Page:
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In this article, Daan Elffers, Founder and CEO of EMG, sheds light on the meaning of ‘smart cities’ and on the importance of these with regards to driving socially responsible behaviour. With offices based in Amsterdam, Cambridge, London and Dubai, EMG is an advisory firm that is on the cutting edge of corporate social responsibility (CSR) thinking, strategising, and implementation. In 2014, Elffers initiated the “Islamic Reporting Initiative” (IRI).

August 2015

Over half of the global population resides in urban areas and by 2050, growth is anticipated to reach two thirds. Already, urban areas and cities are responsible for much of the world’s resource consumption and emissions, and, with the expected increase in urban population, challenge pertaining to the sustainable development of global society are set to amplify. As such, it comes as no surprise perhaps that governments and industry are looking at cities for solution to many of these challenges. And, with the continually evolving nature of technology, the economy and society, the need for a real-time solution has spawned the concept of a ‘smart city.’

From a technical perspective, a smart city refers to the integration and coordination of ICT with more traditional infrastructures, products and services; a concept increasingly referred to as the ‘internet of things’ (IoT). The IoT is a network of connecting ‘things,’ including people. On a broad scale, and when applied to cities, the IoT can be used to help with transportation, reduce waste, manage health and improve efficiency and effectiveness of how we use ‘things’ every day. From a more conceptual perspective, a smart city is one that is intelligent; it is responsive, adaptable, resilient and high-value. It does not only serve as a means to address global and local challenges, but also as a means to improve the quality of life at the scale of the individual.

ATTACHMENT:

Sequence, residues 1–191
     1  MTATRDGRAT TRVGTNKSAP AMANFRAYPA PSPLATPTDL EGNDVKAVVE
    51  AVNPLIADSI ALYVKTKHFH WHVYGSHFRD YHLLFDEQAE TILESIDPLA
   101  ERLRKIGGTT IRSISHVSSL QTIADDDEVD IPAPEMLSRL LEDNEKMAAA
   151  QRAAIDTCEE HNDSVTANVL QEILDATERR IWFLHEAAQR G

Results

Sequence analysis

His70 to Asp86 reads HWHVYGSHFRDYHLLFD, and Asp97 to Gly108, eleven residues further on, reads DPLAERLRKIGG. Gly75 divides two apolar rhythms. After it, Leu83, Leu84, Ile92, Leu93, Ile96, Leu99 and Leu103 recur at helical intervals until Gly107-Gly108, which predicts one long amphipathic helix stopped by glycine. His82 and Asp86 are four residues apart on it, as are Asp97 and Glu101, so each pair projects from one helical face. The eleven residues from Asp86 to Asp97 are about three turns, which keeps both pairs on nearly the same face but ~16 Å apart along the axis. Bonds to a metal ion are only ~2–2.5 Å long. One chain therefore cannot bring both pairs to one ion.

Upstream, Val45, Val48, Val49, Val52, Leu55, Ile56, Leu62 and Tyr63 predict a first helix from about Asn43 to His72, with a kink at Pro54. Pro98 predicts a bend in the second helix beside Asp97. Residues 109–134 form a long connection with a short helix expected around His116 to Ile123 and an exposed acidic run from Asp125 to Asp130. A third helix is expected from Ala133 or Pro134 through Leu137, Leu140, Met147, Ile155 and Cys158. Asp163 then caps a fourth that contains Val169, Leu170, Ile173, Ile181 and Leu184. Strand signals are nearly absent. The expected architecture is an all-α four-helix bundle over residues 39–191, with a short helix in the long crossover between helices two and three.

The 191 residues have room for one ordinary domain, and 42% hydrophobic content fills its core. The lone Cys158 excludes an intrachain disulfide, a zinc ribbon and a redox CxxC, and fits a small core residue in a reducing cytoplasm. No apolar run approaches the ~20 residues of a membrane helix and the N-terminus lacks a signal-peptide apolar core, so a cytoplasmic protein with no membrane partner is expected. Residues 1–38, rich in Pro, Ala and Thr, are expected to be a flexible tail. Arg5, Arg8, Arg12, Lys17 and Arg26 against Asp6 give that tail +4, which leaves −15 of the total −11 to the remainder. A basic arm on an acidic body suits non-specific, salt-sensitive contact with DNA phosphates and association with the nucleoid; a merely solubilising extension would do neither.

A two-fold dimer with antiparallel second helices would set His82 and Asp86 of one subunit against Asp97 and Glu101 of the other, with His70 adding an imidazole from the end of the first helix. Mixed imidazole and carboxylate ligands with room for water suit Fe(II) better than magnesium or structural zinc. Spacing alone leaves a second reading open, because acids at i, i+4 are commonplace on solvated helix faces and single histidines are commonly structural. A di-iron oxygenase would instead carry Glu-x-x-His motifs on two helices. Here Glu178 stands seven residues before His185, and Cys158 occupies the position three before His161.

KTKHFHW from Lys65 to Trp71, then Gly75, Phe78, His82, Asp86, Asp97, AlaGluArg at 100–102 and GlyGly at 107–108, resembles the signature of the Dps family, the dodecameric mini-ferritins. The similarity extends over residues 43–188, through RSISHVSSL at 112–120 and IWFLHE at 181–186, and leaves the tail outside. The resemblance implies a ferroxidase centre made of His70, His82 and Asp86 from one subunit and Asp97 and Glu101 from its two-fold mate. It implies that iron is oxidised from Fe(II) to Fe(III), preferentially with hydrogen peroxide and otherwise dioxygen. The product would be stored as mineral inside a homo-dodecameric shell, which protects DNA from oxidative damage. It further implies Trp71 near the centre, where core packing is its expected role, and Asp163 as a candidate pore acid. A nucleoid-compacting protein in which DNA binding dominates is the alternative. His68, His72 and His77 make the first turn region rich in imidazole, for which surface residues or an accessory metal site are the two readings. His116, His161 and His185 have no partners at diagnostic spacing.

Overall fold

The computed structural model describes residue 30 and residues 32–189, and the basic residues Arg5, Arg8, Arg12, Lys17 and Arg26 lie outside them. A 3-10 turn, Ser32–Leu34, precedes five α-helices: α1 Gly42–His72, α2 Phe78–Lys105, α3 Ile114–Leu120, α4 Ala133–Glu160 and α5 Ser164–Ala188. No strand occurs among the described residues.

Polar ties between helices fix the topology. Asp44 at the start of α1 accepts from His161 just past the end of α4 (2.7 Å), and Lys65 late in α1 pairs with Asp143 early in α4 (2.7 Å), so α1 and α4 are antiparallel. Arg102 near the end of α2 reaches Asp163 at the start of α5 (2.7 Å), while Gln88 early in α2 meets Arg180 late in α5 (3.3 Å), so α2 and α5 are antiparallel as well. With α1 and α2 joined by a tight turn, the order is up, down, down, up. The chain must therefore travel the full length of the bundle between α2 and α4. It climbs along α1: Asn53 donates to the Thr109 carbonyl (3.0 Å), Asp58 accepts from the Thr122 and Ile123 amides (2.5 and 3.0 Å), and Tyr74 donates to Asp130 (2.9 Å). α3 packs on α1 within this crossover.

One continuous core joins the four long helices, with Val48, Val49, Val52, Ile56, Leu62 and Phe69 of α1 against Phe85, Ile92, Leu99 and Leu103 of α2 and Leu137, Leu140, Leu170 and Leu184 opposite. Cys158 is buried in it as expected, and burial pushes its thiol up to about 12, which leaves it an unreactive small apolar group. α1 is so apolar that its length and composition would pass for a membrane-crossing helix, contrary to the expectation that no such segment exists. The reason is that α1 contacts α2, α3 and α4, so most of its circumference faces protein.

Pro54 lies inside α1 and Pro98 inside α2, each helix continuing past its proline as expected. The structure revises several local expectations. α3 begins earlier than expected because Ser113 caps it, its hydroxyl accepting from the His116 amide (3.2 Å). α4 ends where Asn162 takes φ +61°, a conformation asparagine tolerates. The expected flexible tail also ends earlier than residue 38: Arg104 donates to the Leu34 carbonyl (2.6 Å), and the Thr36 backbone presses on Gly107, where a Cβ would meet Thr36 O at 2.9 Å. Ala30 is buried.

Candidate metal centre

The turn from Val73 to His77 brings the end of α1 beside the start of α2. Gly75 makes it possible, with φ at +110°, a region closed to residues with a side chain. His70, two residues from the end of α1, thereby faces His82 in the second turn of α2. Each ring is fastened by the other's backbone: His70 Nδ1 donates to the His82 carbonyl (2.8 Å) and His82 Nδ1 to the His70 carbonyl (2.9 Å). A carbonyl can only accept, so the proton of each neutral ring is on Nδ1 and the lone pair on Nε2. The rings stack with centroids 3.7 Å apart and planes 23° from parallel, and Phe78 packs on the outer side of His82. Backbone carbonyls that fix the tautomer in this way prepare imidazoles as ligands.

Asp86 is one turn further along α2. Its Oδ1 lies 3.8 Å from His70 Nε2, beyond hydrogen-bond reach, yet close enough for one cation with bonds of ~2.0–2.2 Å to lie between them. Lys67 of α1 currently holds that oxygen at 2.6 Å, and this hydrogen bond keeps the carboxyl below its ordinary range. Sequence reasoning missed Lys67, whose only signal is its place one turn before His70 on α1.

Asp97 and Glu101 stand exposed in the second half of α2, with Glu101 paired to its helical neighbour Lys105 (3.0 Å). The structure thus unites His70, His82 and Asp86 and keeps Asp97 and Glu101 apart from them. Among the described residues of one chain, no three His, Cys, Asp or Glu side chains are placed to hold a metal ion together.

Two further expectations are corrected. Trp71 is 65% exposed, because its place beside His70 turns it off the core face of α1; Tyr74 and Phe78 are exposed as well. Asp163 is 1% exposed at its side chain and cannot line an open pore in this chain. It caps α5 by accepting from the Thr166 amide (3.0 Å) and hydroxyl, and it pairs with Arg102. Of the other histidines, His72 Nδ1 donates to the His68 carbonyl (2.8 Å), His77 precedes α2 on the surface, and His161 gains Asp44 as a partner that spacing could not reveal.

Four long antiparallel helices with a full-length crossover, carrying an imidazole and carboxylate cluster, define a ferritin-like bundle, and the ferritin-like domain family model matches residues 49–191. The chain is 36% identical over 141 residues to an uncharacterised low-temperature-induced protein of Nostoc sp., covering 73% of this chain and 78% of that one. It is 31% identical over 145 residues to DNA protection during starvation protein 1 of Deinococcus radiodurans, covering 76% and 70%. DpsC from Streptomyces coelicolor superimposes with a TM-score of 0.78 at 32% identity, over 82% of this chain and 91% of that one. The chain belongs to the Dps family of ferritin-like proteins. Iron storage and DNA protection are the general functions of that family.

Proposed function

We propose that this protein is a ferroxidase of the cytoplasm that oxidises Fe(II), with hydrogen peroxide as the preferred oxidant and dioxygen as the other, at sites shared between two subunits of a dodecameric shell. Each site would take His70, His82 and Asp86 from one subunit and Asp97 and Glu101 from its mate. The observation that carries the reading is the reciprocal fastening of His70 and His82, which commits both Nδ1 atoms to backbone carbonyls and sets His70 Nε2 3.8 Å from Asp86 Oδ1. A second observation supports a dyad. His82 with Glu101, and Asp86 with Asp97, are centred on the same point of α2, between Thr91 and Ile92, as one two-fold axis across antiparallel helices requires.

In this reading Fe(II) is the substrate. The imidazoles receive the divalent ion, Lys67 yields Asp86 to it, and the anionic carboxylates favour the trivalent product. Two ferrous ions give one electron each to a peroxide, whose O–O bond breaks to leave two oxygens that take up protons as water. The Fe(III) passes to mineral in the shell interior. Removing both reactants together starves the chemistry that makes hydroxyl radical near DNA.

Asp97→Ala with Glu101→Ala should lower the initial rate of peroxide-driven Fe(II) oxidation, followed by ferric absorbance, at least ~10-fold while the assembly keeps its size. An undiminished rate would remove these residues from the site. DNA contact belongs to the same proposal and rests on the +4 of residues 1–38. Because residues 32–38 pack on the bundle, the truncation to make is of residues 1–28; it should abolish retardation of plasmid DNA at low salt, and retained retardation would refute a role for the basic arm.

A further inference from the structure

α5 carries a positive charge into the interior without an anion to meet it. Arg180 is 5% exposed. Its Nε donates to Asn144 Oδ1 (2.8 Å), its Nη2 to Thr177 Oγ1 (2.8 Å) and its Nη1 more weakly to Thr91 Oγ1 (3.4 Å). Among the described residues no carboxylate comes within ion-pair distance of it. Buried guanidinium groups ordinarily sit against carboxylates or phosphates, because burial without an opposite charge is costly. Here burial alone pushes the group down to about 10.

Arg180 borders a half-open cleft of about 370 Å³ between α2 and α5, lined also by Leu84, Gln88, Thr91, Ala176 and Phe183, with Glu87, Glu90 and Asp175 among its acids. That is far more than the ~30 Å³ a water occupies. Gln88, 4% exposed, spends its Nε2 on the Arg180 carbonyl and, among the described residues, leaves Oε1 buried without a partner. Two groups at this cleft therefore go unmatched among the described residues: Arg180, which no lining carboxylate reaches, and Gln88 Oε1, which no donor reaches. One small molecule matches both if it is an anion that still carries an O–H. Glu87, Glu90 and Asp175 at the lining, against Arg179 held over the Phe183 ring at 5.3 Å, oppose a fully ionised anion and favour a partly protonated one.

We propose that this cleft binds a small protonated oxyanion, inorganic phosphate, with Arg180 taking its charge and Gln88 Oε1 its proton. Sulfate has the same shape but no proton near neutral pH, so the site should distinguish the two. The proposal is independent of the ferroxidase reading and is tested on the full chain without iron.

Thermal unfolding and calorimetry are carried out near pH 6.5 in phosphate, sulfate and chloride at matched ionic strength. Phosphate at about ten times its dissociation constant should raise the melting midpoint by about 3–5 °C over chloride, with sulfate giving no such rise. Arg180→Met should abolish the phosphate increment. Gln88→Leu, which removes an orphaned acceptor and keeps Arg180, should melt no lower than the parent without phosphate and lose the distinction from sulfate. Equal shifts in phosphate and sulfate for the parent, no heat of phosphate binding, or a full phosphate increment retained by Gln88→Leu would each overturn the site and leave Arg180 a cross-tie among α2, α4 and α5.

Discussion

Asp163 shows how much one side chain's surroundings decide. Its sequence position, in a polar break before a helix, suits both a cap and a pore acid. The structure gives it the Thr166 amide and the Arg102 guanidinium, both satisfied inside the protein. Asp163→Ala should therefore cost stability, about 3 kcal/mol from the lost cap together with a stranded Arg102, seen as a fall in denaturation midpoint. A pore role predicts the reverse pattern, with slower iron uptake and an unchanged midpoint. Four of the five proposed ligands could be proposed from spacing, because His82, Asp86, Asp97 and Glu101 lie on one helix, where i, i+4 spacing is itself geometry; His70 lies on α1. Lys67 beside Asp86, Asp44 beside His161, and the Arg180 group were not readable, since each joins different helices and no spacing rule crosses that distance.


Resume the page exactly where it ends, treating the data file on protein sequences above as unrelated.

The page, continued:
The reality of a smart city in its fullest capacity, where the IoT allows for almost infinite connections to take place, is exciting but difficult to comprehend – in part because much of the technology is still at pre-commercial stage. Similarly, while new challenges that will likely arise from a smart city are also relatively unknown, it isn’t stopping forward-thinking governments and organisations from initiating and developing long-term, smart visions.

Dubai is a leader in this concept, with His Highness Sheikh Mohammed bin Rashid Al Maktoum, Vice President and Prime Minister of the UAE and Ruler of Dubai, launching a strategy in 2014 to transform Dubai into a smart city by leveraging the potential of the IoT. It has been estimated that USD 7-8 billion will be invested in the development of the smart city, focusing on the pillars of life, society, mobility, economy, governance and environment. Through this vision, a handful of smart city projects have been created, such as; the Desert Rose Housing Project, the Silicon Park Project, the Sustainable City, and the World Expo 2020 Masterplan.

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